On occasions, fortunately infrequent, every endoscopist has had the trying and often traumatic experience of being unable to obtain sufficient cooperation from a patient to permit satisfactory endoscopy. This lack of cooperation may be manifested by either an unwillingness or an inability to relax the jaw, to keep the tongue and epiglottis quiet, to relax the neck and to keep the pharynx quiet. In such persons the cricopharyngeus muscle is often in a spastic state.
Many endoscopists have attempted to circumvent the aforementioned obstructions to a completely satisfactory examination by employing general anesthesia. Anesthesia has been produced with tribromethanol in amylene hydrate, given by rectum; with pentothal sodium (the monosodium salt of 5-ethyl-5-[1-methylbutyl] thiobarbituric acid) or evipal sodium (sodium N-methyl-cyclohexenyl-methyl barbiturate), injected intravenously, and with various inhalation agents. Although endoscopic procedures can be performed with the patient anesthetized by any of these methods, there are a few significant disadvantages to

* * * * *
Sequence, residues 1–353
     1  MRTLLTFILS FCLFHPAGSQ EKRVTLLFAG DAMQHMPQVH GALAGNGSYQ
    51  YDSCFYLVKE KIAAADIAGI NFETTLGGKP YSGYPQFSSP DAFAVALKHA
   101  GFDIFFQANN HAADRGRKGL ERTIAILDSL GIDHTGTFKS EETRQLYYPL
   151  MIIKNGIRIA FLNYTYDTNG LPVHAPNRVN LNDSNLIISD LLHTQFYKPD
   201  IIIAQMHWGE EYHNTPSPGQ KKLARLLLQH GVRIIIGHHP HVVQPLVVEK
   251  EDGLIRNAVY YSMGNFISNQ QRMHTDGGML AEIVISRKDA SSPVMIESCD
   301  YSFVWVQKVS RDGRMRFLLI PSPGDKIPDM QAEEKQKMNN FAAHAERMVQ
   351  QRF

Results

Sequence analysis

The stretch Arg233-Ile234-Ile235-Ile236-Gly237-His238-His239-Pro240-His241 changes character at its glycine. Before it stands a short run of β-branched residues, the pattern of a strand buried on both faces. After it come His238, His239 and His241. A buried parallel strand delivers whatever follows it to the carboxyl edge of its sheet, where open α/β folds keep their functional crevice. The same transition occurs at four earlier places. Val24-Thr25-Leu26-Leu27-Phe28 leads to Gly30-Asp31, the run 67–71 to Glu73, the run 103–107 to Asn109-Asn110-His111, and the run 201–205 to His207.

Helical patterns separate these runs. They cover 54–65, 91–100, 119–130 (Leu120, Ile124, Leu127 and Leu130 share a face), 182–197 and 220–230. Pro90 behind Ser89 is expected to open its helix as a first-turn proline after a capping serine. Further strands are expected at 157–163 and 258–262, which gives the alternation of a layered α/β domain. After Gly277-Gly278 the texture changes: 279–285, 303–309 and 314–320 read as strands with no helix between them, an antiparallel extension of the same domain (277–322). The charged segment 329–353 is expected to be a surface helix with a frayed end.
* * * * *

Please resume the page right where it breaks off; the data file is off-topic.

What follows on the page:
CULLEN SC, TRAPASSO AJ. USE OF CURARE TO FACILITATE ENDOSCOPY: A PRELIMINARY REPORT. Arch Otolaryngol. 1943;38(4):347–349. doi:10.1001/archotol.1943.00670040361006
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